Time for our Workout Of The Month. Each month we take a look at a different exercise and break it down by movement, how to do it, and discuss some of the positive versus negative impact that it can have to you and your level of fitness. Some workout’s of the month breakdown how to do a common exercise, others feature a specific exercise, and some explain why you shouldn’t do an exercise. This month we take a look at a type of movement everyone should do: the chin up bar stretch and how relaxing it can be by stretching out the vertebrae.
Chin Up Bar Stretch Anatomy
Our spine is constantly under pressure. Let’s start with gravity. As we age the natural force of gravity our vertebrae together and over time, slowly compresses the space in between – the stuff in between there is a sensitive part of our spine called our disks. Natrual compression is one thing, our bodies are pretty well equiped to deal with that. It doesn’t help that these days as people we do so much sitting to throw our hips and spines all out of whack.
Effect Of Heavy Lifting On The Spine:
Heavy lifting forces, although great for building muscles and overall strength have an effect on spinal compression over time as well. Exercises such a squats, deadlifts, or overhead shoulder presses can couse our spinal discs to become compressed. Depending on where the compression is happening, the disc will protrude to one side or the other causing pinching of nerves.
Reducing Spinal Tension Through Stretching: The Chin Up Bar Stretch
Hanging from a chin up bar allows the small intervertebral ligamnts and muscles to stretch – the stretching of the spine allows the intervertebral discs to decompress.
Lifting heavy weights such as squats, dead lifts, intervertabral discs can become pinched and the nucleus can migrate to the outer edges. Hanging form a chin up bar, the small intervertebral ligaments and muscles stretch, the interverterbral disc compression decreases, and the nucleus pulposus can return to its center position of the disk.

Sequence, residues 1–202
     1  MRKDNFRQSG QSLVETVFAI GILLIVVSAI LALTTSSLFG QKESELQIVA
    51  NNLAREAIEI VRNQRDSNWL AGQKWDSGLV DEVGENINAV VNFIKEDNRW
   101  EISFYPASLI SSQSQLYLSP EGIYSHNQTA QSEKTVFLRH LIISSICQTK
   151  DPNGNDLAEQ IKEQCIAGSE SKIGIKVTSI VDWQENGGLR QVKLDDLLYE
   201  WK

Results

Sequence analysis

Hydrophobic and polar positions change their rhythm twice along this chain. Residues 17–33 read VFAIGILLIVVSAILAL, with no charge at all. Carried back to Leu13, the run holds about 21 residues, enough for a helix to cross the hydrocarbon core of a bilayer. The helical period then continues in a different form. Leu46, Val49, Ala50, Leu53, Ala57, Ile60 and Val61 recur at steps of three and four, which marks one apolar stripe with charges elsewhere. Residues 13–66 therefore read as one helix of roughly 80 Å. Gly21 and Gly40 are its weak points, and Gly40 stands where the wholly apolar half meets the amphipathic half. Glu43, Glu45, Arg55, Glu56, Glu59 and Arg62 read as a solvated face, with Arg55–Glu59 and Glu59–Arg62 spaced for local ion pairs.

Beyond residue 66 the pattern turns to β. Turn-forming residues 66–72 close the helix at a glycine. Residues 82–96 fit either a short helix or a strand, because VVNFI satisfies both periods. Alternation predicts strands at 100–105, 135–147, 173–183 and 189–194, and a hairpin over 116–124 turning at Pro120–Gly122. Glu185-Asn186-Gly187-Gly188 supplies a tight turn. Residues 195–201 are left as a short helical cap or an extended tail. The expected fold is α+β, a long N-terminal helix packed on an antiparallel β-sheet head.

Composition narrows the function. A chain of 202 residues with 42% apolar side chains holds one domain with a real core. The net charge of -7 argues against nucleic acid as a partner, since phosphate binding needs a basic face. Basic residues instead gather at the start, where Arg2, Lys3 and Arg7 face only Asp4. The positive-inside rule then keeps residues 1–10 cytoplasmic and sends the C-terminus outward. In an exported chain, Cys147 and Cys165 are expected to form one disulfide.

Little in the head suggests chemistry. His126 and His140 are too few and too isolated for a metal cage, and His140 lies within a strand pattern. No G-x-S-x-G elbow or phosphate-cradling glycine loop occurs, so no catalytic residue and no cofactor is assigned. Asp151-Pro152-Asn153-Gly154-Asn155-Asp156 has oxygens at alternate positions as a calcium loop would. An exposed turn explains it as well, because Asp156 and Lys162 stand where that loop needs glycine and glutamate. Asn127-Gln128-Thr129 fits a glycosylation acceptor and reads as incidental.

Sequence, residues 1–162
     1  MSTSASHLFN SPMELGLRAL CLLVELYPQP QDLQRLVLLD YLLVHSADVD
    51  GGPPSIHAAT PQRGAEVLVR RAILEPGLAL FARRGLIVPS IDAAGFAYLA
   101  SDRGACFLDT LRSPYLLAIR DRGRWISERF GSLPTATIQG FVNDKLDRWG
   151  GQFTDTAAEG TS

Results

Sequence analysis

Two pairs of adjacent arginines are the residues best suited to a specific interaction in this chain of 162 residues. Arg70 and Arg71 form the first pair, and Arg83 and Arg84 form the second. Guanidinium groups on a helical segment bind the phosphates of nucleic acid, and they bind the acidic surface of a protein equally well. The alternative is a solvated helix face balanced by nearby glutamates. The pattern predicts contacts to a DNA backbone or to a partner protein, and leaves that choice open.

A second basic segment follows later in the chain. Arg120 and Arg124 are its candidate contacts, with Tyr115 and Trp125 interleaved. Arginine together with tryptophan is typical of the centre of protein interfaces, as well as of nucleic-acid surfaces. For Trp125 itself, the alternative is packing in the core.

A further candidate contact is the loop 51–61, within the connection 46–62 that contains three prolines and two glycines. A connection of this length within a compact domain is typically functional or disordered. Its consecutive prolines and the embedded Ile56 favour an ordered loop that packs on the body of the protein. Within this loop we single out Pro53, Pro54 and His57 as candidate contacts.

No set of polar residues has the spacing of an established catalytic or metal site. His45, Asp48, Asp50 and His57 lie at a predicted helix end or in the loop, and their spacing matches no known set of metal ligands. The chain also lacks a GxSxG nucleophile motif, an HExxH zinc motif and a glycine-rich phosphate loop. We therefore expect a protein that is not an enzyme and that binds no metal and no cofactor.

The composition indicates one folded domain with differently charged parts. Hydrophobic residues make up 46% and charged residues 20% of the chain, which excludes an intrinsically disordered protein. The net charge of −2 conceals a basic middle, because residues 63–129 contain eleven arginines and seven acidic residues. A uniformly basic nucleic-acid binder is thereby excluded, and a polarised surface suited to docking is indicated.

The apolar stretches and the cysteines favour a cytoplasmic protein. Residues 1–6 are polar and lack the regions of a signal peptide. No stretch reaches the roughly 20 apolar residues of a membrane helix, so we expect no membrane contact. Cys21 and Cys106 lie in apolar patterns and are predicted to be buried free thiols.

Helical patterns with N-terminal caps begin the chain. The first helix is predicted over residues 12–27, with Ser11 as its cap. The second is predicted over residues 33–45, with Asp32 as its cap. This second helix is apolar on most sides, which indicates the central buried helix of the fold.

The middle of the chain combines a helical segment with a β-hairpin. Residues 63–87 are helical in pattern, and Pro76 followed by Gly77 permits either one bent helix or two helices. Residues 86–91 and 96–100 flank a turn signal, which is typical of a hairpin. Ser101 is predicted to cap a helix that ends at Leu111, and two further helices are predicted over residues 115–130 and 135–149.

How To Do The Chin Up Bar Stretch
Grasp any pull up/chin up bar/tree/anything to hang from and with an overhand grip hang on to the bar loosely. Try to relax your breathing – inhale and exhale slowly while focusing on the relaxation of your body. All the back muscles to relax and release the pressure. When you’re finally relaxed, lean your head for and try to touch your chin to your chest. This will stretch the upper and middle back. If you’ve got a friend. Ask them to gently pull down on your hips on each side.
During this exercise it’s not uncommon to hear cracking of the spine. The cracking is caused by the release of paravertebral muscles acting like bellows and when they release, they help to decompress the small intervertebral and costovertebral articulations and help your back feel better.
The key to performing this stretch is to be as relaxed as possible. The stronger your grip, the more intense the stretch will be on your lats and upper back muscles behind the shoulder blades. The point of the stretch, is primarily for your back. When doing this stretch on a regular basis after heavy lifting, it helps to limit the amound of deterioration on discs and reduces the risk of disc herniation.
To accenuate the chin up bar stretch, swing gently or ask one of your buddies to grasp on your hips on each slide and slowly pull down. When practiced regularly at the end of squat and deadlift sessions (or any other heavyweight exercises that wouldcompress the spine), it helps over time to limit the deterioration of intervertebral discs and reduces the risk of disc herniation. Remember, the key to the chin up bar stretch is to allow your body to relax as much as possible, lean your head forward, and let the muscles in your spine relax.
Delavier, F. “Strength Training Anatomy: Third Edition.” Paris: Human Kinetics. 2010. Print. 115.
Strength Training Anatomy